Perspectives on Global Health
Recent Zika and Ebola virus outbreaks highlight the urgency for improved global disease surveillance and response programs, but efforts to contain epidemics bring some significant hurdles. In this newsletter, Alfred Sommer, Anne Schuchat, Rachel Cohen, and Julie Gerberding discuss their groundbreaking work rolling out lifesaving programs around the world. Each brings a unique perspective as a representative of one of the different kinds of organizations working together to combat infectious disease. Sommer, who is known for demonstrating that inexpensive vitamin A treatments drastically reduce childhood and maternal mortality, offers an outlook based on his research and clinical experience in the US and in developing countries. From the US Centers for Disease Control and Prevention, Anne Schuchat weighs in on how governments can directly improve human health. Rachel Cohen from the Drugs for Neglected Diseases initiative provides a view from the nonprofit sector, and Julie Gerberding from Merck speaks about the role of partnerships with industry.
Partnerships between governments, researchers, pharmaceutical companies, nonprofit organizations, and local communities are essential to epidemic surveillance and control efforts, especially in developing countries. Read on to learn about how these collaborations arise and how those involved cultivate trust and cooperation so that they can achieve shared goals.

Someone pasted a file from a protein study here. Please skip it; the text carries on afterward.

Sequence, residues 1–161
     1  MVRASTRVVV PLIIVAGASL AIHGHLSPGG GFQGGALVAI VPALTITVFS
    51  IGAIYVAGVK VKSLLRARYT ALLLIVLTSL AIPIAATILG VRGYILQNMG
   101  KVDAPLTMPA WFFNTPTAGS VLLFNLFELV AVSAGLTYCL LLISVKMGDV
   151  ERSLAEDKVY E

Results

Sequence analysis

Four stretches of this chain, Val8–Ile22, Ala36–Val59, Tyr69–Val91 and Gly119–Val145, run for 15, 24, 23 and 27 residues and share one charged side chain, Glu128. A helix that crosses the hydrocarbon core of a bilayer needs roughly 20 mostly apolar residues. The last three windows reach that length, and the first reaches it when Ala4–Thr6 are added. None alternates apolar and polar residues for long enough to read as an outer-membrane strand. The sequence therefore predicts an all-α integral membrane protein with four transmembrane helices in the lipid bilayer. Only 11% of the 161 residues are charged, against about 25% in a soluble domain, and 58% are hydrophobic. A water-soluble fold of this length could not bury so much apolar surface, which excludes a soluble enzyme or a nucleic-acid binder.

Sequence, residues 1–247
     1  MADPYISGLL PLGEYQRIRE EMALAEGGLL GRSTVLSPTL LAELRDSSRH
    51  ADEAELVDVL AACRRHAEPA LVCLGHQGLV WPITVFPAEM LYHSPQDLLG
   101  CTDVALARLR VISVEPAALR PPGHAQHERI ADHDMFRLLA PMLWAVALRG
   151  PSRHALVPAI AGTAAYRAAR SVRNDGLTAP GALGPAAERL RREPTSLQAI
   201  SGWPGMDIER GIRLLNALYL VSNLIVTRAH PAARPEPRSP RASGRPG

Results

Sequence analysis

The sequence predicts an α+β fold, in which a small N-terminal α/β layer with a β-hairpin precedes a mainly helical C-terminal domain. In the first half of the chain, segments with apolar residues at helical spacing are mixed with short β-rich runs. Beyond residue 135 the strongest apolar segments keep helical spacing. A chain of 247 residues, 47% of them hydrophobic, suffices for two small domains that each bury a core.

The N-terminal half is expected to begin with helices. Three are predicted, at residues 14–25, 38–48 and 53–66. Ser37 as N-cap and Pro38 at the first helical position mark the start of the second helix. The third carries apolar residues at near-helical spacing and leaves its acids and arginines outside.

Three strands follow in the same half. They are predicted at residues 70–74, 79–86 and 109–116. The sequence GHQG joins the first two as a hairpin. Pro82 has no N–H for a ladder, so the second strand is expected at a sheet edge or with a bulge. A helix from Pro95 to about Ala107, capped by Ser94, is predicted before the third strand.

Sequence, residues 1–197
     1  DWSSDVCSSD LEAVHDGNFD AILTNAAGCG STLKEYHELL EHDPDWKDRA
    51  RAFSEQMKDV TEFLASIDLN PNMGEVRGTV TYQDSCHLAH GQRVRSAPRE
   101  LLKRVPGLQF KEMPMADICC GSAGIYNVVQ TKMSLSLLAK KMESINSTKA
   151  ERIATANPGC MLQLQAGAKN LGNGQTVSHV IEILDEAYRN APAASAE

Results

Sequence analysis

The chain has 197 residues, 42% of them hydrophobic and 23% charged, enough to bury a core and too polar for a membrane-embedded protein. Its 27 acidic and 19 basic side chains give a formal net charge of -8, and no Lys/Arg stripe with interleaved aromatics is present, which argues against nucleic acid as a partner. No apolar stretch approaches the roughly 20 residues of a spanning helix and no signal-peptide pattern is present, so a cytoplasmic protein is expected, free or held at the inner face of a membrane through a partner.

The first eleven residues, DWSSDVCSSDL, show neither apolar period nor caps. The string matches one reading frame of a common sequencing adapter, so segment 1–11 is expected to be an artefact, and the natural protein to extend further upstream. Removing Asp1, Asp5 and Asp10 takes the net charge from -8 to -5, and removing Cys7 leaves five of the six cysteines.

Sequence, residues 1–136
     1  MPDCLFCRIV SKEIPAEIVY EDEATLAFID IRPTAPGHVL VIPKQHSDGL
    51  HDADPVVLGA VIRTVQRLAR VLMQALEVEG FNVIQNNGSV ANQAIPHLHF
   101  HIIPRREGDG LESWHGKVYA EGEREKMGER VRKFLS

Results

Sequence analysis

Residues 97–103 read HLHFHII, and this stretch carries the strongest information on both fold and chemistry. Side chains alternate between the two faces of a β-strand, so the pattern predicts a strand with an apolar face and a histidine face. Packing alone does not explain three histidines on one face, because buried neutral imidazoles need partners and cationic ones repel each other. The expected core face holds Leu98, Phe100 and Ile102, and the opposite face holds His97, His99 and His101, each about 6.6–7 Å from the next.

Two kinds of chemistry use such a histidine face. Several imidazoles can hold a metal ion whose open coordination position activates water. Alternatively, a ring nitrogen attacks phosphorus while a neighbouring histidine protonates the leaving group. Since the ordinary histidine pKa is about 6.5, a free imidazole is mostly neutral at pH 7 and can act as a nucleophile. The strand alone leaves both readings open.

Since the early burst of interest in epidemiology at the turn of the last century, scientists have achieved monumental advances in containing infection with vaccines. Thanks to William Foege’s strategies, smallpox was eradicated in 1980. Measles, pertussis, polio, rubella, and several other illnesses seemed to be on the path to eradication as well. Now, some of these diseases are on the rise again because of troubling misinformation, while others flourish because they are untraceable in conflict zones or other areas where tracking resources are scarce. Our contributors discuss new communication and surveillance tools that enhance their abilities to conduct epidemiological detective work, share their experiences addressing recent outbreaks, and reveal their hopes for ongoing vaccine development.